What To Do If Forced Resign For Reporting Sexual Harassment

If you feel you were forced to resign from your job because you reported that sexual harassment, you may be entitled to compensation. Because you felt the situation you were in forced your resignation it may be considered a termination which is called a constructive discharge. In addition, retaliation for reporting sexual harassment is illegal.

The law considers you fired if you were victim of a constructive discharge. This means you are entitled to certain rights which employees who resign willingly don’t get. This includes being able to file a wrongful termination lawsuit against your employer.

What is Forced Resignation?

Being subjected to a forced resignation or constructive discharge means you have resigned from your job involuntarily because you have had pressure exerted on you to do so. If you report about sexual harassment to HR but nothing is done about it, but the employer makes work conditions intolerable because of the complaint, you may feel you have no choice but to resign.

This is a forced resignation which violates employment laws as you are not expected to tolerate sexual harassment in the workplace. If your employer is unwilling to do anything about the sexual harassment, he or she may put pressure on you to resign as a form of retaliation because you filed a sexual harassment complaint.

Constructive Discharge Claim For Reporting Harassment

If you feel you are being forced to resign because you reported sexual harassment you may be eligible to file a constructive discharge claim. The term "constructive discharge" is when a worker has been put under pressure to resign or retire because the employer has constructed a hostile or intolerable work environment due to the fact you have complained about sexual harassment.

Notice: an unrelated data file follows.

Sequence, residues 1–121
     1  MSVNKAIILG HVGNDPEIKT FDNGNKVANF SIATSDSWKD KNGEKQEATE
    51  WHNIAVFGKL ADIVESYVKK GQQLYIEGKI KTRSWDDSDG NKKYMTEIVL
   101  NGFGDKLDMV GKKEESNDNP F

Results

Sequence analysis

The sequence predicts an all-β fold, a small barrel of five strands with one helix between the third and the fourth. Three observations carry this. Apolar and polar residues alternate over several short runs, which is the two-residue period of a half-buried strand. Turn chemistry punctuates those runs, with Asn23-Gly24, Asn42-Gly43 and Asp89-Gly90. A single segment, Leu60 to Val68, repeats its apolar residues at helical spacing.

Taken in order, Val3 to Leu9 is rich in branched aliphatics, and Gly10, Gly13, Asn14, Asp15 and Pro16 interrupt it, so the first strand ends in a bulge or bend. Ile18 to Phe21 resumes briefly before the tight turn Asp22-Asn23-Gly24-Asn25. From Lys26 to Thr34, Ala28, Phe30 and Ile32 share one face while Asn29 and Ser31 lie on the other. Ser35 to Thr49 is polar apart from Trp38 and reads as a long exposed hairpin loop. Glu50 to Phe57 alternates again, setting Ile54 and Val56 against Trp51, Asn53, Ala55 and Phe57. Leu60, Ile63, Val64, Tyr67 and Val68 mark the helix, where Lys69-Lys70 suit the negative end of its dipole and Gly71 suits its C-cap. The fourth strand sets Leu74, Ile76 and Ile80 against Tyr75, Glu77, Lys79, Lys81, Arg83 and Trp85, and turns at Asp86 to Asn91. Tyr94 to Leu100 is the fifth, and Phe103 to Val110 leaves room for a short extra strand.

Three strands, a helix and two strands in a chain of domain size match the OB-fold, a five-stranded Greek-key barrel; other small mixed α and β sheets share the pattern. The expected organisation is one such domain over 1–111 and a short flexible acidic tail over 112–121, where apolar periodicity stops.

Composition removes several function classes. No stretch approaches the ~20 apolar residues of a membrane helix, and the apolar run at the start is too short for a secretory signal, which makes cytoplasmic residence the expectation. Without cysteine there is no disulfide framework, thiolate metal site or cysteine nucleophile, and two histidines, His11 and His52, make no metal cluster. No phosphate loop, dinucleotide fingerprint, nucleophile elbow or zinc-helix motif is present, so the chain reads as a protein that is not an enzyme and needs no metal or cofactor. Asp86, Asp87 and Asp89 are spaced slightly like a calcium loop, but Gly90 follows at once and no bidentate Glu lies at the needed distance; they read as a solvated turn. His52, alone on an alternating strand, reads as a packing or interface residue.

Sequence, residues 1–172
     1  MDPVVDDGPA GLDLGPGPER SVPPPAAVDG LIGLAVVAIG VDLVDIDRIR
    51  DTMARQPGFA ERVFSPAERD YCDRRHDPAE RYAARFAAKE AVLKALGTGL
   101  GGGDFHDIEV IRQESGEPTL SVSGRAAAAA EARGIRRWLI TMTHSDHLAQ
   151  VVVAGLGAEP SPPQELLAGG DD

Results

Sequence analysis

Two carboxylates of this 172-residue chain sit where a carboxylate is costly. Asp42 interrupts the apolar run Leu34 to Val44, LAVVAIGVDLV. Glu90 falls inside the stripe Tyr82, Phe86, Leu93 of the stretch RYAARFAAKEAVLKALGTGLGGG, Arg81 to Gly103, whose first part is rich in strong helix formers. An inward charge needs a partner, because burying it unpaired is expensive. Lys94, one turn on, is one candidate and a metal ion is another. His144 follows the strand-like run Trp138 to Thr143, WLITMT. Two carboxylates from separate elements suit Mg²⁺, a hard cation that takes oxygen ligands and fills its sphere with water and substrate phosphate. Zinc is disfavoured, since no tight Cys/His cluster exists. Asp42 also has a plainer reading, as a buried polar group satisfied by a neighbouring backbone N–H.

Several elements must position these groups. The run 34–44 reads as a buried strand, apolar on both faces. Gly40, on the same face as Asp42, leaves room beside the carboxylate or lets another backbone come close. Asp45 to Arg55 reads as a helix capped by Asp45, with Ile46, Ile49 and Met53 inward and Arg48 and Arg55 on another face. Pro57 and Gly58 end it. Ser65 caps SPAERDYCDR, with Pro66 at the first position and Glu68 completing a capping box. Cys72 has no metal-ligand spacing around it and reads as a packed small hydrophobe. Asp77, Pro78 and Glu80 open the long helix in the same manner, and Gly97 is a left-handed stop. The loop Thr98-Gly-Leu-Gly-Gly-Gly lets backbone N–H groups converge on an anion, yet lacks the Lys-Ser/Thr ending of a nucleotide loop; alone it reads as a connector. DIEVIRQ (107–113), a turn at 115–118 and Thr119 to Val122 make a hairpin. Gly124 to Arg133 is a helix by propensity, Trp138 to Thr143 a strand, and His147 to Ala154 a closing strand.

You may be considered eligible to file a constructive discharge claim if you have terminated your employment contract by resigning. After resigning, include in your resignation letter that the reason you are resigning from the job is due to your employer breaching your employment contract.

When providing proof that a constructive discharge has occurred you are only required to prove that your employer has deliberately shaped a work environment that was so intolerable and hostile that any normal employee would feel forced to resign.

The evidence needed to support a constructive discharge is as follows:

  • you original offer letter;
  • your employment contract;
  • the job description;
  • any letters and emails passed between you and your employer;
  • any relevant emails between your manager and/or HR;
  • any witness statements provided by co-workers.

Next Steps to Take

As soon as you begin to experience intolerable work conditions created just for you based on your sexual harassment complaint you should compile all evidence that has forced you to resign. To win a claim you must prove that the circumstances of sexual harassment were repetitive and your company did nothing about it.

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